City Council Discusses Non-Discrimination Policy

The St. Joseph city council has discussed options for implementing a non-discrimination policy for the city.

Posted: May 22, 2018 10:57 PM
Updated: May 22, 2018 11:01 PM

(ST. JOSEPH, Mo.) The St. Joseph city council has discussed options for implementing a non-discrimination policy for the city.

In Missouri, discrimination against the LGBTQ community is not against the law. Meaning local cities have to pass their own policy to make it illegal to do something like fire an individual solely based on their sexual orientation.

"Why would somebody who got fired for being gay come out and say 'I got fired for being gay.' Every time I hear somebody say 'oh you need to sue', I have to tell them you can't sue. It's not against the law," Daniel Ramming, Midland Empire Equality Coalition, said.

Currently, 12 cities in Missouri have a non-discrimination policy in place. In the near future, St. Joseph could become number 13.

"One thing we can do here in St. Joseph is our own personal manual needs to have its own non-discrimination policy updates," Mayor Bill McMurray, St. Joseph, said. "We need to lead by example."

The city council will look at two non-discrimination policies being used in Lee's Summit and Columbia, which advocates say if implemented here, would help protect rights.

"It's not fair for somebody to not be rented a house because there's two women's names on the lease. It's not fair to fire someone just because they get married to someone you don't like," Ramming said.

However, activists like Rammings said there's still a few problems with both models.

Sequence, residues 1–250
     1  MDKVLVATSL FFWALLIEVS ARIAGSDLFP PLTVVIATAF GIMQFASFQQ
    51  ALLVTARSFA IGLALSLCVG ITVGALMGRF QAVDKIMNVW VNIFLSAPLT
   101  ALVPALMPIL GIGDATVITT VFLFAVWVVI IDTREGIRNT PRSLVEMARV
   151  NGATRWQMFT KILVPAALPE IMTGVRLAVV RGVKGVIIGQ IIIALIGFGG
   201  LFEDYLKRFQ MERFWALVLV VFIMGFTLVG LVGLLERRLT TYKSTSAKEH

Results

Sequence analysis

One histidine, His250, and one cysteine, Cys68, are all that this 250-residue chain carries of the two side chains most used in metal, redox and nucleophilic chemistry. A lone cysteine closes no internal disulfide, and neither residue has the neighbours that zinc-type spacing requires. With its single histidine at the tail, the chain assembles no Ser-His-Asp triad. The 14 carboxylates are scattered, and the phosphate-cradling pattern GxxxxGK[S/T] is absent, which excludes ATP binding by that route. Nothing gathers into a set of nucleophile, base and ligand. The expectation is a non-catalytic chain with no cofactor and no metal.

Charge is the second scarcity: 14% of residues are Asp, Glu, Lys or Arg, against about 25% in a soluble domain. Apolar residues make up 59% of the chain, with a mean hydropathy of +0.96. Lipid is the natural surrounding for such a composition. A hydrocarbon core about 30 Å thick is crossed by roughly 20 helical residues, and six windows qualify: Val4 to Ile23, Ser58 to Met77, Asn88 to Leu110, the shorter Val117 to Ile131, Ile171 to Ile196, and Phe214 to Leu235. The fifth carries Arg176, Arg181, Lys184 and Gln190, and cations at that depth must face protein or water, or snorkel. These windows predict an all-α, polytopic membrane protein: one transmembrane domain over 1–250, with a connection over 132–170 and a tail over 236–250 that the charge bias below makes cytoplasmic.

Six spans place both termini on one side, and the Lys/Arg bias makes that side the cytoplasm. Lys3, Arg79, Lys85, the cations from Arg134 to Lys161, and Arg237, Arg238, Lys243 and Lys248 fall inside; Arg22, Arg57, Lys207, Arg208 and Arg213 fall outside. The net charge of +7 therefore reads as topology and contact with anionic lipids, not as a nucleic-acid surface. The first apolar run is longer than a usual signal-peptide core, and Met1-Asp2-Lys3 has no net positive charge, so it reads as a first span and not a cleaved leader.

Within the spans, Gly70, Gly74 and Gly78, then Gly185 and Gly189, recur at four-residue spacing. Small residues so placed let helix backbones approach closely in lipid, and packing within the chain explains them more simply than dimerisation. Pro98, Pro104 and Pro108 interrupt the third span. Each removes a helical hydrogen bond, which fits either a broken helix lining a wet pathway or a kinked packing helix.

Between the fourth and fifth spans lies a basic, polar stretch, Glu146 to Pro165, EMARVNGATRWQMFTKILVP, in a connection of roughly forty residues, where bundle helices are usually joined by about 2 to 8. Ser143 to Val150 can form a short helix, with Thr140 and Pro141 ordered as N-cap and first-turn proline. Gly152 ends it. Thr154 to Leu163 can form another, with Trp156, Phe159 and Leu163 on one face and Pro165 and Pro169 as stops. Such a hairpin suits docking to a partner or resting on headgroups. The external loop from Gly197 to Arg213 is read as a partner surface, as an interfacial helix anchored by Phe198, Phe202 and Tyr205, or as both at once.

Ramming said the Lee's Summit model would still not protect someone from being fired based on sexual orientation, saying it would only propose a commission to educate schools and businesses about equality.

In the Columbia model, it would establish protections for the LGBTQ community, create a commission to educate schools and businesses and there would still be religious exemptions.

"We're not trying to force people to change what they believe," Ramming said. "If you go into a business where you are providing accommodations for the public - like a hotel or a restaurant - you have to serve everybody."

McMurray said there's an argument to be made both for the ordinance, and against it.

"I agree that we don't want to discriminate against anyone. On the other hand, there has to be a middle ground somewhere where we don't add another regulatory burden to business, and it's not just business it's public accommodation, it's employment, it's housing," McMurray said.

The council has already met twice for public work sessions to discuss the proposed policies. The next public meeting will be Wednesday at 4 p.m. in City Hall.

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